22 Doric limestone columns line the impressive Front Street face of Toronto’s Union Station.
I’m working on the opening of “The Girl In the Blue Flame Cafe,” which is set in Toronto’s landmark Union Station.
Since I no longer live in Toronto, when I started writing I had to rely on my memory of the station’s internal geography. That was when I realized just how spotty memory can be. For instance, I don’t remember the parts I didn’t actually look at. I wish I had taken photographs there through the years.
Since then I’ve taken a couple of photographic expeditions to the station, which was just beginning the massive renovation it is currently undergoing. I think some of the station will be unrecognizable when they are done, but fortunately that won’t include the old part of the station where the action in my story takes place. Thankfully that part is only being restored.
I have decided to keep the story set in the Union Station I knew, rather than making an attempt to get my mind around the new version. The problem with this is that the renovations dominate the Internet, and so far I have yet to find any floor plans of the original version of the building.
Every time I do online research, I invariably discover more interesting bits of information about Union Station.
The columns were shaped on an enormous lathe, the largest in North America, built in Sarnia expressly for this ambitious project in 1917. Each forty foot column weighs 75 tons.
It would be a lot easier to write a scene set at Union Station if I was certain what the different parts were called. For instance, I’m still not entirely sure if this is what they call the moat.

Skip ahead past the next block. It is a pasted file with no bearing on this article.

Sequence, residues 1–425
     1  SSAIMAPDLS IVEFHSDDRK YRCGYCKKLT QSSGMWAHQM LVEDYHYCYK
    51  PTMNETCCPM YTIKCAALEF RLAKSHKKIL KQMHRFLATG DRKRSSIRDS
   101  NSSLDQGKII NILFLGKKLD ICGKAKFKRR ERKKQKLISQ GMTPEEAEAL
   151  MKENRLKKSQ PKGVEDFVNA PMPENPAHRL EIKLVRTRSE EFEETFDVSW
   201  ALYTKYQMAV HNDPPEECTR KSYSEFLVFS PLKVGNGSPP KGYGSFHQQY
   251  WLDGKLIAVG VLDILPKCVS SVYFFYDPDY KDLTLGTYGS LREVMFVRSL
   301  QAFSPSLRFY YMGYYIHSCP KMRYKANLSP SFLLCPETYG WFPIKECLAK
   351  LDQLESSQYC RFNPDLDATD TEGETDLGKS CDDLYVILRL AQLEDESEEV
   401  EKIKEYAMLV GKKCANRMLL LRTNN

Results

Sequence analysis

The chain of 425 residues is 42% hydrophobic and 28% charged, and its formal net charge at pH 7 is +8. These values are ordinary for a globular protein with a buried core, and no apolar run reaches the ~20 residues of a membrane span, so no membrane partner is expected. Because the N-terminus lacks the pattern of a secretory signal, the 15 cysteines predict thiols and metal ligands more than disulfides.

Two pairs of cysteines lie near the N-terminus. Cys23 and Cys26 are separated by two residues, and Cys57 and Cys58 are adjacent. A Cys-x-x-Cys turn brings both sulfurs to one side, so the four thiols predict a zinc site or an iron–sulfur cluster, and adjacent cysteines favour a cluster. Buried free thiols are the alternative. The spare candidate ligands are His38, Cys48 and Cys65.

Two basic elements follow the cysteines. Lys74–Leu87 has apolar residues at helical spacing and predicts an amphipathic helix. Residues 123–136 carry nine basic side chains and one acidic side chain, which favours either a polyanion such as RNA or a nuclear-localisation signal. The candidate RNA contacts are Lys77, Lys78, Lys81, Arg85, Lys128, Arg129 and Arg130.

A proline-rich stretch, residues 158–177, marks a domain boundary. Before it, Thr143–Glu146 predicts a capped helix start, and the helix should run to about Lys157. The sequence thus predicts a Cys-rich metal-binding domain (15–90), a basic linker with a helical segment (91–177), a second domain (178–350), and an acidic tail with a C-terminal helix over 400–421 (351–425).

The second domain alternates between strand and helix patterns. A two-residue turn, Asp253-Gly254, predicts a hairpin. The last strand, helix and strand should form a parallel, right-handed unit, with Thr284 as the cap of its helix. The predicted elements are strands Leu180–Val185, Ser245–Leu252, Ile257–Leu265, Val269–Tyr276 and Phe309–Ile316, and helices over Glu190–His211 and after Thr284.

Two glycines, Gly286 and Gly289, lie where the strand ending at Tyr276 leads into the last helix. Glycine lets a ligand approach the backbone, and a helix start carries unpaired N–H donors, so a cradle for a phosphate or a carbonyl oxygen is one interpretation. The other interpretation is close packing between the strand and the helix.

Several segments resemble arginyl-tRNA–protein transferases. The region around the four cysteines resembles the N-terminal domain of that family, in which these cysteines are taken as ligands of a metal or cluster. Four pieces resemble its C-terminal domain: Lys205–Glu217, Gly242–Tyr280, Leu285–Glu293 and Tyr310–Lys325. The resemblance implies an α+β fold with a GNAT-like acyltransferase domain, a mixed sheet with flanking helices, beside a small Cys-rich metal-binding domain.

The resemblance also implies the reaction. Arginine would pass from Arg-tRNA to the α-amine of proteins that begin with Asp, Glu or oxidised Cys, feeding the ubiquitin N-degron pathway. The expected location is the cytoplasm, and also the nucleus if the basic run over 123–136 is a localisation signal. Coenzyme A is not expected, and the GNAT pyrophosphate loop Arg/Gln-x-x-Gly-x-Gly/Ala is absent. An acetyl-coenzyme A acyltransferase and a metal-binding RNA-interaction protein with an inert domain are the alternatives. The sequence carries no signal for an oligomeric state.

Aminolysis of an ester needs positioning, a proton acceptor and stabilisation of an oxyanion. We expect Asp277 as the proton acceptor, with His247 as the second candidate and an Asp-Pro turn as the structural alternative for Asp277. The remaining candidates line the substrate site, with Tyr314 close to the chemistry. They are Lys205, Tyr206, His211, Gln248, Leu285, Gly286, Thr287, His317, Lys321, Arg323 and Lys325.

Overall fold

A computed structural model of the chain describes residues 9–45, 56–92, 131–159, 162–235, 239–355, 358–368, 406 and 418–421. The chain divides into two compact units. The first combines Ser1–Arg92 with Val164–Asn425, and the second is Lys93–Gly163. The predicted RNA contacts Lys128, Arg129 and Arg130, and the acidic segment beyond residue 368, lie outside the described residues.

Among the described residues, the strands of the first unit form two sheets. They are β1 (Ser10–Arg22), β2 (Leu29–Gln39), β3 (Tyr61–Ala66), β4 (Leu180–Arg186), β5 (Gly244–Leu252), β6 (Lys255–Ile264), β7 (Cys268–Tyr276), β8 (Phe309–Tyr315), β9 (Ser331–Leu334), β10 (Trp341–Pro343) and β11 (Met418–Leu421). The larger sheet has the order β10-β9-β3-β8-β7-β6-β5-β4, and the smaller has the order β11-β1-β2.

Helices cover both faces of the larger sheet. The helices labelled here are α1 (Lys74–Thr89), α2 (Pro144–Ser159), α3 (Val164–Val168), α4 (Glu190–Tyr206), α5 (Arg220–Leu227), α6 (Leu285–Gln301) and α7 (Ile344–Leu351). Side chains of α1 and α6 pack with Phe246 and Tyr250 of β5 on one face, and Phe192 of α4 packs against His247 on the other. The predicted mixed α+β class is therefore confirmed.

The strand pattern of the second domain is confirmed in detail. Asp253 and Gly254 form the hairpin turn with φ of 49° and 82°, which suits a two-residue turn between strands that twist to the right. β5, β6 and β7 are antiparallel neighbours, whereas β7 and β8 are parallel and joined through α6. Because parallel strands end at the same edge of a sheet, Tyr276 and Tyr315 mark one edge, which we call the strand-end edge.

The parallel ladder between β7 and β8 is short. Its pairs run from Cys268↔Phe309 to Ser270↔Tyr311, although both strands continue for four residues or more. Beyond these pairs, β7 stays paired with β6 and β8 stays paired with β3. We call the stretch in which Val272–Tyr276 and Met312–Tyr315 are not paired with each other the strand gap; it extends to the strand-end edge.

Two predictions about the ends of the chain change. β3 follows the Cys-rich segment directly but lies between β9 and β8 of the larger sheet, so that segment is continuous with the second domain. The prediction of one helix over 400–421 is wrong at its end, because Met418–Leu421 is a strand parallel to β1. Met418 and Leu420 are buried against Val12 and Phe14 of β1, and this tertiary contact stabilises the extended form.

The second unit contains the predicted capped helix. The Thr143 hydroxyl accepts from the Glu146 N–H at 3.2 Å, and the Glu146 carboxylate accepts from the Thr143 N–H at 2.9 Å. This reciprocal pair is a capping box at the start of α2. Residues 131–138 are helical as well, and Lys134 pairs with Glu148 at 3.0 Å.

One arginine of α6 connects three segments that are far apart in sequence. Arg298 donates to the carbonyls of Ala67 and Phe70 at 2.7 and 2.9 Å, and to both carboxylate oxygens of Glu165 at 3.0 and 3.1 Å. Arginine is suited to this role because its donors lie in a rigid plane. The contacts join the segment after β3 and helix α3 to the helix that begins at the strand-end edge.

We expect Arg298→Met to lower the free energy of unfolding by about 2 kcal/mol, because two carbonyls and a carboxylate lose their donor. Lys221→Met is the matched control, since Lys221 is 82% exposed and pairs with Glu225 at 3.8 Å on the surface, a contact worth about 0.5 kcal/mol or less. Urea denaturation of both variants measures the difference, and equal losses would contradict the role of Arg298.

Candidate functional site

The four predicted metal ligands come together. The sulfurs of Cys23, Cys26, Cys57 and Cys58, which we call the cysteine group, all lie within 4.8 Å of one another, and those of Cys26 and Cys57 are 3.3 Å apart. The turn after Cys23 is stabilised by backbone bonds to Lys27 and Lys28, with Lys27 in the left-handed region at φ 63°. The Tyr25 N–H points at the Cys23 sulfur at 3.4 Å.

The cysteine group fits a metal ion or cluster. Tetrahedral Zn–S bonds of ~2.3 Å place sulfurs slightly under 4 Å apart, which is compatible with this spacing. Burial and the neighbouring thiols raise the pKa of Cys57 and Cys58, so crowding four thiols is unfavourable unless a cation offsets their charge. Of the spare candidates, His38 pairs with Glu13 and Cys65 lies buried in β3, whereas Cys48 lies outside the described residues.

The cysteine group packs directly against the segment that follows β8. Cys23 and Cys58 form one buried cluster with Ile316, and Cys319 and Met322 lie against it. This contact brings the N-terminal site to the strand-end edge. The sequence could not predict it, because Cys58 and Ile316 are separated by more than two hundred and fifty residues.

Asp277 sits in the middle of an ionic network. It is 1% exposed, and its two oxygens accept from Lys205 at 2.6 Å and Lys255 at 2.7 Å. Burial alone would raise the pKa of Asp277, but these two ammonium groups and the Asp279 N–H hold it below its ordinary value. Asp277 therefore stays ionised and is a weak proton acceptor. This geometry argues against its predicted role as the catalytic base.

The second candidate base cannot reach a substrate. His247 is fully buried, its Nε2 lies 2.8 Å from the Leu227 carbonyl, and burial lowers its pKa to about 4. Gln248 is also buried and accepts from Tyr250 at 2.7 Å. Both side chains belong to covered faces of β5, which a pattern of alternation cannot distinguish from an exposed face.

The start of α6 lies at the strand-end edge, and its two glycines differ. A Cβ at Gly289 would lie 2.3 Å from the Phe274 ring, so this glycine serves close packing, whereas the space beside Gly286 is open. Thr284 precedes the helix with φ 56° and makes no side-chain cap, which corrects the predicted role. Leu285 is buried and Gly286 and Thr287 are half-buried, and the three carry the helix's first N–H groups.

The exciting opening of “The Girl In The Blue Flame Cafe” set in Toronto’s Union Station is not likely to change in editing. I’ve always loved Union Station, so I was quite tickled to stumble across this very cool look at the earlier incarnation of the 19th Century Cathedral of Transportation.
Architectural drawing for the Union Railway Depot, Toronto, Canada that was to be built in 1896
Strickland & Symons, Architects, Toronto
Vol VII. Canadian Architect And Builder No. 9. September, 1894
“The history of the current Union Station can be traced to 1858, when Toronto’s first Union Station was opened by the Grand Trunk Railway (GTR), just west of the present Union Station. The wooden structure was shared with the Northern Railway and the Great Western Railway. This structure was replaced by a second Union Station on the same site, opening in 1873. As both the Northern Railway and Great Western Railway had been acquired by the GTR, this was not a true Union station. However, the Canadian Pacific Railway began using the facility in 1884 and it was completely rebuilt, opening in 1896.”